In the hilarious new animated feature film, Sausage Party, things get a little “hairy” with the help of Yeti. Nitrogen Studios‘ Senior Lighting Supervisor, Laura Brousseau, was kind enough to chat with us about how and why they used Yeti for this project.
“All of the work on Sausage Party from storyboards to edit was done at Nitrogen Studios. We did not have any specific sequences that required hair but more a large group of very diverse assets that needed some kind of hair. We had hair that went from very short and simple to beards and moustaches to crazy curly masses of hair almost all of which needed some kind of interaction with other assets. On top of that, we had a variety of foliage including grass, hedges, flowers, plants and even hay that needed to be created. We focused on great design, sim to support the animation style and shading and lighting that balanced our creative aesthetic with our rendering budget.”
When asked why they decided to use Yeti, Brousseau said, “Nitrogen Studios had previously used other hair systems and while each had its strength, we saw Yeti as potentially being better at supporting the needs of Sausage Party. The flexibility, available tools and integration with Pixar’s RenderMan allowed us to hit all the different looks we needed to and support the demands of a show with a stylistic approach to animation. To add to that, we had crew members that had used Yeti before and they were keen to work with it again.”
Nitrogen also told us that, “Yeti allowed us to balance our creative goals with our schedule and budget. We had a fairly small amount of ramp-up time for our hair workflow but Yeti is intuitive and we had great support from Peregrine Labs, even getting a visit from Colin Doncaster, CEO, to help us get started. While we did have some challenges with some difficult simulations and a few shots with heavy rendering we were able to deliver the desired look. The crew really enjoyed working with Yeti and we hope to be able to use it again on future projects.”
Your work on this film is absolutely fantastic, Laura and the rest of the Nitrogen Studios team. Thank you for speaking with us and using Yeti!
- Nate Barnard – CG Supervisor
- Ryan Bowers – CFX and Shot Finalist
- Laura Brousseau – Senior Lighting Supervisor
- Kevin Phibbs – Look Development Supervisor
- Marie-Eve Kirkpatrick – Lead Texture Artist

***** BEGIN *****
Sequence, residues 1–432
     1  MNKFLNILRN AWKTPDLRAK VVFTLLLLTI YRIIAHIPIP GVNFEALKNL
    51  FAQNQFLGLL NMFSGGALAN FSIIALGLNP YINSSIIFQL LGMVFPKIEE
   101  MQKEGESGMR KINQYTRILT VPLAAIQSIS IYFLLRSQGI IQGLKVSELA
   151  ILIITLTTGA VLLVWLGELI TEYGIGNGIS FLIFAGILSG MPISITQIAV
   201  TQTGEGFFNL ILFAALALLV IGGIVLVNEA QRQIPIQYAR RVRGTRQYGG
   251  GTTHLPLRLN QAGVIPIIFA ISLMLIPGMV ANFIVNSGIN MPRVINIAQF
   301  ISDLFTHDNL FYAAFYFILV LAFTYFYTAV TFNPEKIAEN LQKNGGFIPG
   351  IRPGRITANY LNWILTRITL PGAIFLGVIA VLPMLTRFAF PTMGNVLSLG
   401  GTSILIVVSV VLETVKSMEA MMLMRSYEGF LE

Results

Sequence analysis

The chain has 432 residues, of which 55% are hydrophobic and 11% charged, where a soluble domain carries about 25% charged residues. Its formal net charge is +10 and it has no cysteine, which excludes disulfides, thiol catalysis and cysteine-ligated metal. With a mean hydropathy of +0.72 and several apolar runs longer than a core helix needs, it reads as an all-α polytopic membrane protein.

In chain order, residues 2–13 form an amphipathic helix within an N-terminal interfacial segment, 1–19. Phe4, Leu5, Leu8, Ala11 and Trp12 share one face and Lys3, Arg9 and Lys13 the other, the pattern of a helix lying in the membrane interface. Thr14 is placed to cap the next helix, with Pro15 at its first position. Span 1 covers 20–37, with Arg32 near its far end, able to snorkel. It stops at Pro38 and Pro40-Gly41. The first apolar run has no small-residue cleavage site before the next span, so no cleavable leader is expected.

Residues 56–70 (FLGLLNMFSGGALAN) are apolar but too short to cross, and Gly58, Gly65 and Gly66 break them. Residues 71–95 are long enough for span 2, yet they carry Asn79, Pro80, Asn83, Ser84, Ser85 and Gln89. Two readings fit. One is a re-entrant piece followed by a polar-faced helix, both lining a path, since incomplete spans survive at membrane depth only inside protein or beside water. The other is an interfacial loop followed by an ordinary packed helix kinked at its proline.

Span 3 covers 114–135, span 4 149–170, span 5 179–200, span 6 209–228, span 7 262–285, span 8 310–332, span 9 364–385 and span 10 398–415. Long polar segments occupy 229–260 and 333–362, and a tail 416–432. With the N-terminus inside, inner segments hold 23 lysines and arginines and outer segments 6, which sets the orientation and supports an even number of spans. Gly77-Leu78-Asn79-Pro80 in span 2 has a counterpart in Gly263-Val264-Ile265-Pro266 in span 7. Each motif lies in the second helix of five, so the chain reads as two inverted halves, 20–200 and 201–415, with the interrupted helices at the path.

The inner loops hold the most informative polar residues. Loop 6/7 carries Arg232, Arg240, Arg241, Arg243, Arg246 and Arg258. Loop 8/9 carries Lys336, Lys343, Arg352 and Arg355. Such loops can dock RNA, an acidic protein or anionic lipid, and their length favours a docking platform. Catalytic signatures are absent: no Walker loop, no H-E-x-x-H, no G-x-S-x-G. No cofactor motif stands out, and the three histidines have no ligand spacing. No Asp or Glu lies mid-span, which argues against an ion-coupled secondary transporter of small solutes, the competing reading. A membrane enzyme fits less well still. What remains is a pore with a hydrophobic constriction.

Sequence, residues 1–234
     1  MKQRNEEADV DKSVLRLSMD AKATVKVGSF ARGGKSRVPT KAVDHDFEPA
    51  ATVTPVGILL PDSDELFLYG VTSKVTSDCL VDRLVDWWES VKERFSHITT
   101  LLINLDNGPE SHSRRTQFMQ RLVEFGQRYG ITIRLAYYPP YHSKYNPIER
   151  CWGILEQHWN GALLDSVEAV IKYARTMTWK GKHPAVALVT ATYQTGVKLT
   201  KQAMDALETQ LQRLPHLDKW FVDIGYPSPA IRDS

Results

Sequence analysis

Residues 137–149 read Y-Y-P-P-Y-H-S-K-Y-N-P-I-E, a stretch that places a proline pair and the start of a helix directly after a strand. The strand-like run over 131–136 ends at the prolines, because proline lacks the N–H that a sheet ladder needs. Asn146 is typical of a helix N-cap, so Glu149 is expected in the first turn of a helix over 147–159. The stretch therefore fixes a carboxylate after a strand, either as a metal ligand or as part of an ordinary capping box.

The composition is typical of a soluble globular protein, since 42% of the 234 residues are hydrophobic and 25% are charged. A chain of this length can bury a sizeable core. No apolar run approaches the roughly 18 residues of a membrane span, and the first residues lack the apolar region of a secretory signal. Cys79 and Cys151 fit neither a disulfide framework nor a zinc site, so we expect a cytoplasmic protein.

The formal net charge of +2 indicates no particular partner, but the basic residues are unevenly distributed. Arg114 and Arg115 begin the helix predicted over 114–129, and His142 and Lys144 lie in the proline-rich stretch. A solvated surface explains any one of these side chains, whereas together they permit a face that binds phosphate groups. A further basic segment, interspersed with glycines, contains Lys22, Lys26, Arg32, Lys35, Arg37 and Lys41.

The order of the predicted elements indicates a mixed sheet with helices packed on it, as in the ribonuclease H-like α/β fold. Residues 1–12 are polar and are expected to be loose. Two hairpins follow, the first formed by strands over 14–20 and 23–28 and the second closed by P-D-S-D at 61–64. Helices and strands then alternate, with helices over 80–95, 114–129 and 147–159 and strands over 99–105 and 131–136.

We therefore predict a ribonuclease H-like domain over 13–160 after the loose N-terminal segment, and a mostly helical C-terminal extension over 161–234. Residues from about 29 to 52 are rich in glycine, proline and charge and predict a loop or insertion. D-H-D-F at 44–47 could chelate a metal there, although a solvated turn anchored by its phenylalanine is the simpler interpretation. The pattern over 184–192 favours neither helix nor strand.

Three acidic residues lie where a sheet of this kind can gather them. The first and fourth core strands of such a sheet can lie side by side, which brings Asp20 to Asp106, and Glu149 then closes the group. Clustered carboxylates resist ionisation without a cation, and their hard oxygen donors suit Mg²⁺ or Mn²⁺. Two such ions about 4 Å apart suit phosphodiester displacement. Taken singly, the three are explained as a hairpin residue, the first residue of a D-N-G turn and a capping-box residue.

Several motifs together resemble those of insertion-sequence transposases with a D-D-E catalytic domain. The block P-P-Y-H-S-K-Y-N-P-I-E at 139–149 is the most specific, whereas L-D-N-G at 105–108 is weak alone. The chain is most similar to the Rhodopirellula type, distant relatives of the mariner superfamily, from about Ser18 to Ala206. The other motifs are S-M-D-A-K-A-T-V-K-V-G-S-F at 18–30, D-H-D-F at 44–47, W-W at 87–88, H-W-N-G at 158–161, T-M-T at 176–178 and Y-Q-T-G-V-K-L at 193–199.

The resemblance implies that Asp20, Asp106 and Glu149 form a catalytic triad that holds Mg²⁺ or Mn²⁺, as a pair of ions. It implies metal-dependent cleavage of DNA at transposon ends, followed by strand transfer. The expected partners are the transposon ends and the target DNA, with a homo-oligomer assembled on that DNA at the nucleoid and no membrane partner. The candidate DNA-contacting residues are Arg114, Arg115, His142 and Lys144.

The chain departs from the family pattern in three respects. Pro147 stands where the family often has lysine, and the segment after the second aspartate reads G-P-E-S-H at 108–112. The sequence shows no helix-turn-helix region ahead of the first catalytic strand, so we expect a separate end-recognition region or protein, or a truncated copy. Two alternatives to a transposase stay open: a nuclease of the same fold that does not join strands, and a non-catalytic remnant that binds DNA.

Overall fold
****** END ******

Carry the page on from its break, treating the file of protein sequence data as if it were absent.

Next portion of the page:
Note: Discretion should be used when viewing the trailer for this R-rated film.
Supamonks Studio used Yeti to develop the trailer for the new mobile version of Netmarble’s game, Stone Age. Romain Carlier, who’s first introduction to Yeti was at Fix Studios in 2012 and worked as a hair artist at Supamonks for this project, spoke with us about his experience working with our software.
“There were two artists assigned to grooming for this project: Guillaume Kerfriden worked on the lion’s fur and I was responsible for the boy’s hair, the bird and the dynamics. All hair, feathers and fur were made in Yeti/V-ray, and I used Yeti’s dynamics and the new motion node for the wind.”
“When it came to choosing software for this work, Yeti was an obvious choice. It is really simple to incorporate it into the pipeline while being quick and easy to work with while creating fur. On a commercial spot like this, the fact that we can work without maps and just use face sets combined with paintable attributes saves a lot of time, we don’t need to concern ourselves with UV’s so the modelling and fur teams can work at the same time.”
“The difficulty was finding the balance between stylized and realistic hair. For the boy’s hair and the lion’s mane we needed a clean shape but we did want to maintain the the detail in the hair. To achieve this, we used a lot of clumps. In my opinion, clumping is really the strength of Yeti.”
“Squash and stretch in the hair was a major challenge during animation and Yeti handled the job perfectly using guide curves and some clever solutions in the graph. I was also keen to use the new motion node introduced in 2.0 and, again, using some user variables to control the animation it did the job perfectly.”
Congratulations on another great project using Yeti, Romain! Thank you for sharing your work with us.
We are very excited to share this detailed case study prepared by the team at Milk VFX who used Yeti to bring almost every creature to life for the new series, Beowulf.
Incredible work, Milk!
“ITV’s new series Beowulf, helmed by Walking with Dinosaurs producer Tim Haines, is based on the oldest English poem of the same name. Milk was awarded all vfx work which meant we were responsible for bringing all of the creatures to life. We collaborated closely with Tim Haines and knew that from concept stage that we’d be having to add fur and hair to nearly every creature on the show from the protagonist Grendl to the wolf like Wulfingdogs.”
Choosing a fur tool.